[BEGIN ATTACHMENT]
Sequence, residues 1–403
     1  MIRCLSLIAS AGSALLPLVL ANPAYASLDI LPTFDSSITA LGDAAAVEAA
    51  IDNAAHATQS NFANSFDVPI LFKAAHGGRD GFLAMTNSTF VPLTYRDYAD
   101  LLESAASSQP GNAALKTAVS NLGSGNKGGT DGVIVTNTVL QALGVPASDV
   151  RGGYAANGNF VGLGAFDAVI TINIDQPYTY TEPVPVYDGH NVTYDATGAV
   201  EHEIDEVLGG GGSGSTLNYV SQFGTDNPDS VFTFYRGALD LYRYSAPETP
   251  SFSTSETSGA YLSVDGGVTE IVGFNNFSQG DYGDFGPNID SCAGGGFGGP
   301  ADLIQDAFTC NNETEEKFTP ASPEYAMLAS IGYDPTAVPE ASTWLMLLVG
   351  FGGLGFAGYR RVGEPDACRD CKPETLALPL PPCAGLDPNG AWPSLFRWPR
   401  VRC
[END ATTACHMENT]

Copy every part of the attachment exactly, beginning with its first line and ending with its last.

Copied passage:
Sequence, residues 1–403
     1  MIRCLSLIAS AGSALLPLVL ANPAYASLDI LPTFDSSITA LGDAAAVEAA
    51  IDNAAHATQS NFANSFDVPI LFKAAHGGRD GFLAMTNSTF VPLTYRDYAD
   101  LLESAASSQP GNAALKTAVS NLGSGNKGGT DGVIVTNTVL QALGVPASDV
   151  RGGYAANGNF VGLGAFDAVI TINIDQPYTY TEPVPVYDGH NVTYDATGAV
   201  EHEIDEVLGG GGSGSTLNYV SQFGTDNPDS VFTFYRGALD LYRYSAPETP
   251  SFSTSETSGA YLSVDGGVTE IVGFNNFSQG DYGDFGPNID SCAGGGFGGP
   301  ADLIQDAFTC NNETEEKFTP ASPEYAMLAS IGYDPTAVPE ASTWLMLLVG
   351  FGGLGFAGYR RVGEPDACRD CKPETLALPL PPCAGLDPNG AWPSLFRWPR
   401  VRC